Guido Steinberg conducts research into terrorism and the Near and Middle East at the Science and Politics Foundation (SWP).
Mr. Steinberg, within two weeks, Islamists committed extremely brutal attacks in France. Why is France more affected by Islamic terror than any other country in the EU?
France has by far the largest and strongest jihadist scene, operating since the mid-1990s. In recent years, North Africans – especially Moroccans and Tunisians – have become the most dynamic group in Islamic terrorism. They are particularly well represented among French Muslims in addition to Algerians. At IS, Tunisians, Moroccans and North African French provided particularly large contingents of foreign fighters.
The attackers are young men, they acted only in the attacks, they attacked with knives. The head of the teacher Samuel Paty was cut off, in Nice the perpetrator slit a woman’s throat. What kind of culprit is that? Where does this extreme cruelty come from?
One of the reasons is the IS model. The organization has attracted attention for years with particularly brutal videos in which people were brutally slaughtered.
Many terrorists have a criminal background
This kind of violence seems to have set standards among jihadists on which perpetrators are oriented. In addition, many Islamic terrorists in Europe today have a criminal background and are more susceptible to unrestricted violence than before.
To what extent were the two perpetrators involved in Islamic circles? Is the term “solitary culprit” correct?
In the professional world, terrorists who plan, organize and commit an attack on their own are referred to as individual perpetrators. In Paris and Nice, it seems that these are acts. Integration in an Islamist environment does not change that.
Samuel Paty’s killer wanted to punish the teacher for talking about the Mohammed cartoons in class on the subject of freedom of speech. It is possible that the hit man in Nice wanted revenge on President Emmanuel Macron who defended the publication of Mohammed cartoons. Why has the subject remained so explosive for years?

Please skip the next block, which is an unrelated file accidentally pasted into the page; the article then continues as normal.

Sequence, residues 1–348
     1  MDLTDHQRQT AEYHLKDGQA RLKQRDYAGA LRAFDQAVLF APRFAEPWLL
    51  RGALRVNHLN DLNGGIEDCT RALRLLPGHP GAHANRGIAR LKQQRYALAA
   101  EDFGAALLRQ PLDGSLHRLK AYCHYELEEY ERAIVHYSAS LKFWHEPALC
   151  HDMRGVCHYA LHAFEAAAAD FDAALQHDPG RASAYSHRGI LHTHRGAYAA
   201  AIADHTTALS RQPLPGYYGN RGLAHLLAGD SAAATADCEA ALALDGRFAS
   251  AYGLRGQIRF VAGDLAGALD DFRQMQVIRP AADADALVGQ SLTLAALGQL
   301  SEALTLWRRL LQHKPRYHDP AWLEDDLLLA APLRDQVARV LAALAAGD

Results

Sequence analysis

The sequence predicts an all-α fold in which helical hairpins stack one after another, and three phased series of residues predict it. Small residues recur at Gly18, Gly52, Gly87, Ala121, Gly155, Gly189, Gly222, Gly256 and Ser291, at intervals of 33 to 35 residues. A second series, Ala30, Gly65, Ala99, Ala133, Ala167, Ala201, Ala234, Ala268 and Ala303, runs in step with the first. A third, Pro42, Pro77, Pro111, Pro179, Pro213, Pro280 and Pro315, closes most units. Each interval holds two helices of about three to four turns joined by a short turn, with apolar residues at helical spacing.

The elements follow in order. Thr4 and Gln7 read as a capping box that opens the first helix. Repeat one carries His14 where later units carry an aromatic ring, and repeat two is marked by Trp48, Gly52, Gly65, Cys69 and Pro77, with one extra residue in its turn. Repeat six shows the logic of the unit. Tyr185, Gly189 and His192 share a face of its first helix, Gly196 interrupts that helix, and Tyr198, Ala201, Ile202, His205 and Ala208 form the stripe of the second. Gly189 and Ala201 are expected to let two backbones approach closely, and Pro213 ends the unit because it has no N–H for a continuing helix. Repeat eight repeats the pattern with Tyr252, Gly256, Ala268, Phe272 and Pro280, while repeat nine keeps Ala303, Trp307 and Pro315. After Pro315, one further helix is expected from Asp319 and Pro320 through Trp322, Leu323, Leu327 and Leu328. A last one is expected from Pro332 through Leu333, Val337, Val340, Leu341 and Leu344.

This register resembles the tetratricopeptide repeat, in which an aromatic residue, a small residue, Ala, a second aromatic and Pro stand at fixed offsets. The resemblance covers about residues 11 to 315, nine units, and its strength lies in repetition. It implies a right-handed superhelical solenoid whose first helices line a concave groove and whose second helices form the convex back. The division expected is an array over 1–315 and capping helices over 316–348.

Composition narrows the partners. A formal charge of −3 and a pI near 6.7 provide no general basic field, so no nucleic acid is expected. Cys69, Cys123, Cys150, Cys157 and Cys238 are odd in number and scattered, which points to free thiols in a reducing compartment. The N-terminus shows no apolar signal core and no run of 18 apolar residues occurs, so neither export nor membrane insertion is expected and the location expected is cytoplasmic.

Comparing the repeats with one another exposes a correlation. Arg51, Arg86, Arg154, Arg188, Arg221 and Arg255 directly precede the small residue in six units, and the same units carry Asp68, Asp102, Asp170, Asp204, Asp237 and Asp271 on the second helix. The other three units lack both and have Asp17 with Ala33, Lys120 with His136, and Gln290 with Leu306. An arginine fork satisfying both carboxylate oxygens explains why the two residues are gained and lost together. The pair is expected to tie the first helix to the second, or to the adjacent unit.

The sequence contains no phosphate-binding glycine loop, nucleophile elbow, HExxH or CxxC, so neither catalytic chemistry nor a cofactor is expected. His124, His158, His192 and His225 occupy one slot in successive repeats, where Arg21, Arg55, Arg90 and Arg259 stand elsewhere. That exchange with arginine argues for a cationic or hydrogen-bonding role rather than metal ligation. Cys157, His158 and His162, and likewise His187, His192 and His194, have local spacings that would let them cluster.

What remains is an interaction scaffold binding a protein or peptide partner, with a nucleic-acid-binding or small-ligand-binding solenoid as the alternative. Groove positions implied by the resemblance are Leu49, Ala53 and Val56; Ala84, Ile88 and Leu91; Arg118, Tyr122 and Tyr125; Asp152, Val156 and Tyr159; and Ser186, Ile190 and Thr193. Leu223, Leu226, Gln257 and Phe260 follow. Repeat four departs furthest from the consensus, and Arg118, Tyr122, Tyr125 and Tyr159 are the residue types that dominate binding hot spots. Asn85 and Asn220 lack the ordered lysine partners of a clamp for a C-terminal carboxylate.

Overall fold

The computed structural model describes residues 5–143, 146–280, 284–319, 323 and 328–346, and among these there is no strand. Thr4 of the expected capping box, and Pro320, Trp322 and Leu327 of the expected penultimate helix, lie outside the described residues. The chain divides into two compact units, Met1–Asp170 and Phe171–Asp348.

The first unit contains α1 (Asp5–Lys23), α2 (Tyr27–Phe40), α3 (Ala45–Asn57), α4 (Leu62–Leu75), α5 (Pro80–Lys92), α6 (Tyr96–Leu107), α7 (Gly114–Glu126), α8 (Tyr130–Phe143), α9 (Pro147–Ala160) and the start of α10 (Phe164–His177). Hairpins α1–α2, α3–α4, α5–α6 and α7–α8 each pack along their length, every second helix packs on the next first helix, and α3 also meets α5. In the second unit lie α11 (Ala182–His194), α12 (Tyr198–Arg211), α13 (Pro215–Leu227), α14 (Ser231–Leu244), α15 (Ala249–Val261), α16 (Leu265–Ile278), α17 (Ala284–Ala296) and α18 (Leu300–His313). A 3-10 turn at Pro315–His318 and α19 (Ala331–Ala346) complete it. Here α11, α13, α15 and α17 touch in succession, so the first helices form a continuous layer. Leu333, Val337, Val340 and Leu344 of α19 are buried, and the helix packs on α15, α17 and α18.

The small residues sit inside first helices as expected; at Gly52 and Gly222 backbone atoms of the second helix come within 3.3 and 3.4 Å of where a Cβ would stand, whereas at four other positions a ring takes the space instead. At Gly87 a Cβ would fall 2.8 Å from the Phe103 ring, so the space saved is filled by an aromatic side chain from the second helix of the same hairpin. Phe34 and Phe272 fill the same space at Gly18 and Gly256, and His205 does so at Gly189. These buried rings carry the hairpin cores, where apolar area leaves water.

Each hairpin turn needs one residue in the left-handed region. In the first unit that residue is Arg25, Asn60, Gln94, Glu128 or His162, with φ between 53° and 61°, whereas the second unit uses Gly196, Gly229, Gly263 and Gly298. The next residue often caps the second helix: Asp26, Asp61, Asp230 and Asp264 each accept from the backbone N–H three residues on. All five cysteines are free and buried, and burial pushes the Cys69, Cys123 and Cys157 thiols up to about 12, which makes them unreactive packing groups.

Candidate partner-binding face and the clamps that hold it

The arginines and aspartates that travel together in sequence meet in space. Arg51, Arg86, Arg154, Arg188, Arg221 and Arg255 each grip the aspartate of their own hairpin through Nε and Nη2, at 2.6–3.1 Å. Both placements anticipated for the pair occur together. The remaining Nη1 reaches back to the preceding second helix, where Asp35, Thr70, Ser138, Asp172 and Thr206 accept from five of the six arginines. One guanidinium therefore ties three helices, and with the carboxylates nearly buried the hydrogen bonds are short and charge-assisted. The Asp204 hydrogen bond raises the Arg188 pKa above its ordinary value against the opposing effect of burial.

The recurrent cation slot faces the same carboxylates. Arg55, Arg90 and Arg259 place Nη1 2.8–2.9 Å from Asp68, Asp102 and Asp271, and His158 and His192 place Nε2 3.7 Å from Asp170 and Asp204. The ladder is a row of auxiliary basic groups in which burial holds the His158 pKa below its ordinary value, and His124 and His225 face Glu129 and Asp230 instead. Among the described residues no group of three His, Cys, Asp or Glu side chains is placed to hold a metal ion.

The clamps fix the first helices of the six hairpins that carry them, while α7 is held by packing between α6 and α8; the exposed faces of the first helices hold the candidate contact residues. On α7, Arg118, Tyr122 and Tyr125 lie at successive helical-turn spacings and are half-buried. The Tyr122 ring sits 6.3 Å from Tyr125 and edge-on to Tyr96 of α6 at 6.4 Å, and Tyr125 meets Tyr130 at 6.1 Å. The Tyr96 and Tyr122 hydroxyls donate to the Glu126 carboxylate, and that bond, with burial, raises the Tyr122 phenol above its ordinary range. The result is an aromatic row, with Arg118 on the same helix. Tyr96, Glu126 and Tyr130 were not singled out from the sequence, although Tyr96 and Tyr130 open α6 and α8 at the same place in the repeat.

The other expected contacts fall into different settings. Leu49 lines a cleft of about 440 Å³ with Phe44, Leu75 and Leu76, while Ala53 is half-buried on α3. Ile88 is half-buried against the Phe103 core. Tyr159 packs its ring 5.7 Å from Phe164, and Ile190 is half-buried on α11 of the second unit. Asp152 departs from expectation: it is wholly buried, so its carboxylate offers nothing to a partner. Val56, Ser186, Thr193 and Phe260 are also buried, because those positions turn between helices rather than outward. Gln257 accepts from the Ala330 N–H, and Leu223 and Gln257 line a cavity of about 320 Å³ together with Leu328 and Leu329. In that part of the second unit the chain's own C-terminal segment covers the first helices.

The jihadists appreciate the issue because they can portray their acts of violence as a protest against the alleged insult of the Prophet Mohammed.
Jihadists believe that insulting the prophet should be punished with death
Since many more moderate Islamists and even conservative Muslims also vehemently reject the cartoons, they are hoping for approval in the Islamic mainstream. In addition, jihadists, citing older religious authorities, believe that insulting the prophet with death should be punishable.
What role does the Turkish head of state, Recep Tayyip Erdogan play? To what extent is he partly responsible for the attack in Nice with its brutal criticism of Macron and the West for the cartoons?
President Erdogan’s reactions are an example of the mobilization envisaged by the jihadists. He didn’t even bother to criticize the murder of Samuel Paty, but sees the problem in French politics. He may believe what he says, but he is also using the situation to position Turkey as the protective force of Islamists in the Arab world and in Europe. This has been Turkish politics for years.
Erdogan can encourage hitmen
In addition, there are growing tensions between Ankara and Paris over politics in Syria, Armenia and the Eastern Mediterranean. With his statements, Erdogan may also encourage murderers, but the perpetrators in Paris and Nice would not need this support.
How dangerous is Erdogan’s agitation for Germany? Last week, Erdogan condemned the police raid on a Berlin mosque as “racist” and “Islamophobic” on suspicion of fraudulent use of the government’s Corona emergency response.
Erdogan’s policy is problematic because it is aimed at alienation between the German state and the Turkish community. It is particularly dangerous that it does not differentiate between hostility towards Islam and hostility towards Islam and that tensions arise between Turks and Kurds, but also between Muslims and Christians.
Germany should limit Turkey’s political activities in this country
Germany can limit the effects of this policy by limiting the political, religious-political and secret service activities of the Turkish state in this country. A hard line has been too late for years.